When I found out that I’d be living in Minoh, the first thing I Googled while researching the city was “cute cafe’s.” (True story.) And Cafe Salunpowaku happened to be the top result.
Browsing past reviews on Cafe Salunpowaku – all of which were overwhelmingly positive – I discovered that the cafe not only prides itself on its use of all-natural, organic ingredients, but also specializes in gluten-free, vegan cuisine. Veganism isn’t as widespread in Japan as it is in the States; in fact, I’ve heard from a few ex-Vegans that practicing Veganism is nearly impossible in Japan. Gluten-free products, too, are extremely hard to come by in Japan. I couldn’t believe my luck – I’d stumbled upon perhaps one of the very few all natural, 100% vegan cafes in Osaka. And it just happened to be less than a minute away from Minoh station!
I originally planned to visit Salunpowaku the week I’d arrived in Minoh, but I’d slightly underestimated just how hectic getting adjusted to life in a brand new country would be. Salunpowaku slid down my list of priorities, as things like “figure out how to apply for a credit card” and “how to unlock bike without key??” took its place.
But after finally settling into my apartment, and after unlocking my bike, I finally found the time to make the long awaited trip to Salunpowaku.
With the help of Google Maps, I found my way to the front of the cafe – a friendly sign with the menu (declaring its vegan and allergen-free meal options with pride) greeted me at the front entrance. I could easily tell from the sign that I’d arrived at the right place.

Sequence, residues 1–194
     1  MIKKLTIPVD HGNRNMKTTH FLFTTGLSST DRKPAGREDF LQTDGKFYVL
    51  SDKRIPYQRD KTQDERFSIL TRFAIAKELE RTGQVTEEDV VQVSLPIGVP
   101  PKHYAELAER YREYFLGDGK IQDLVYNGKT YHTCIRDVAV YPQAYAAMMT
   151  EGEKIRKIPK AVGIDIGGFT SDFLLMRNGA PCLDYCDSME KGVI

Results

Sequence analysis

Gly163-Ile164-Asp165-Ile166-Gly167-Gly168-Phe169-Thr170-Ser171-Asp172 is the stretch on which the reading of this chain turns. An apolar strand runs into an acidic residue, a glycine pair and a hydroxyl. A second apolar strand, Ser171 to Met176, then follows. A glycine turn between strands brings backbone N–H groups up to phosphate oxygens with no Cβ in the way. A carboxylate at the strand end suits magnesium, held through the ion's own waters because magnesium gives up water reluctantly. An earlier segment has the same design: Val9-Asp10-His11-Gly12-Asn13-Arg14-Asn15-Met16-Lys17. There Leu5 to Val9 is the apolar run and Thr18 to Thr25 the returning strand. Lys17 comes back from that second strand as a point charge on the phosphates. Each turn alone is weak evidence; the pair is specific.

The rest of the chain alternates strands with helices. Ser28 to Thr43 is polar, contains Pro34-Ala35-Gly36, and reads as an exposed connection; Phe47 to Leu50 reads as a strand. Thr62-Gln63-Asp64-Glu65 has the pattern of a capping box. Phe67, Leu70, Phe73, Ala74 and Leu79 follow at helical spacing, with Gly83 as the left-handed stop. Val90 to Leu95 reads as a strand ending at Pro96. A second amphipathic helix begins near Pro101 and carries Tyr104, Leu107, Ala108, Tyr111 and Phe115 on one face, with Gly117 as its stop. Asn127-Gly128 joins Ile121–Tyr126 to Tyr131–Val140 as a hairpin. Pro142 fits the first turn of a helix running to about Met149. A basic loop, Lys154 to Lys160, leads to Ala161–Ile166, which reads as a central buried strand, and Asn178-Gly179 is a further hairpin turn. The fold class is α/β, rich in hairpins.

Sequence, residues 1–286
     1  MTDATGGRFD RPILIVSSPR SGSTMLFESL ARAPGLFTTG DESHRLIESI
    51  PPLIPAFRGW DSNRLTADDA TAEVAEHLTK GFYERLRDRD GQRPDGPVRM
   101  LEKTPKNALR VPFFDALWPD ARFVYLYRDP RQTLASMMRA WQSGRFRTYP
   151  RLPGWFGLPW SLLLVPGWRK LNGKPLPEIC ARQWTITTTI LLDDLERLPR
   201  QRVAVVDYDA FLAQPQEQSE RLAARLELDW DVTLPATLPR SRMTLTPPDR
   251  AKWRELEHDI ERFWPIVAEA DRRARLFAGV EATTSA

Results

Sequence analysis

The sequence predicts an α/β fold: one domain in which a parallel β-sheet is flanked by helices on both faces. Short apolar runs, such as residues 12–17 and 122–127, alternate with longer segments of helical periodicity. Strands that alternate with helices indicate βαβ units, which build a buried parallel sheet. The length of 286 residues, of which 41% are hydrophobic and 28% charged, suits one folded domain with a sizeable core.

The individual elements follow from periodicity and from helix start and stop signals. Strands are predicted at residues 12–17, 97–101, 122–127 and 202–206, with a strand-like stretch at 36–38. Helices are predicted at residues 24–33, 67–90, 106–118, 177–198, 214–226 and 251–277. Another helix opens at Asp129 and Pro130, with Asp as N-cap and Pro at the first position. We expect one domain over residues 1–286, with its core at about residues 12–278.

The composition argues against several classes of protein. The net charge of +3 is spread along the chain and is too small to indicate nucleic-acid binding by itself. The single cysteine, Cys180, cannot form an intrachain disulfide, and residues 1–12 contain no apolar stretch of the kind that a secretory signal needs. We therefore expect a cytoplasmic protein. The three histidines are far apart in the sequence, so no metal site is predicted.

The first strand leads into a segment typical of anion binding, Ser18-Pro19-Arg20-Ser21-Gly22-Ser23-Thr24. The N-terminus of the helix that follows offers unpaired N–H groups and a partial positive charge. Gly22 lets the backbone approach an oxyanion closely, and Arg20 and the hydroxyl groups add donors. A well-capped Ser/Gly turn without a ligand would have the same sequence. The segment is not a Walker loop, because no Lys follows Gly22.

My friend and I visited the cafe around 10am, so a little too early for lunch, unfortunately. We asked for their drink menu instead and were pleased to see a diverse selection of beverages available, from herbal teas to hand-drip coffee, to lattes steamed with organic, non-GMO soy milk.
Upon the waiter’s recommendation, I ordered the 豆乳よもぎオレ, or the soy milk yomogi au lait. Yomogi is an herb made from the Japanese mug wort plant and is known for its distinct, vibrant green color. My friend ordered the strawberry black herb tea. Both of our drinks were brought to our table on little wooden trays with flowers painted on the surface, which I thought was a lovely touch!
At first, I didn’t want to taste my drink – it was too pretty to ruin! But I’m glad I did, because the flavor was even better than the appearance. Everything about the drink was perfectly balanced – the bitterness from the yomogi, the frothiness of the milk, even the temperature. There was a counter near the tables with little jars of brown sugar and syrup, but the drink was flavorful enough on its own to not need additional sweetener. Overall, the au lait was a light and refreshing mid-morning treat that I strongly debated ordering again.
I ended up not ordering another, but I definitely plan to during my next visit. And I’ll be sure to go during lunch time, so I can sample their brown rice chickpea curry (which I could smell simmering in the kitchen, by the way, and it smelled incredible!).
For anyone who happens to be in the Osaka area and is interested in visiting this cafe for a meal or a freshly brewed beverage, here’s the link to the address on Google Maps. I highly recommend Cafe Salunpowaku to all – vegan or not!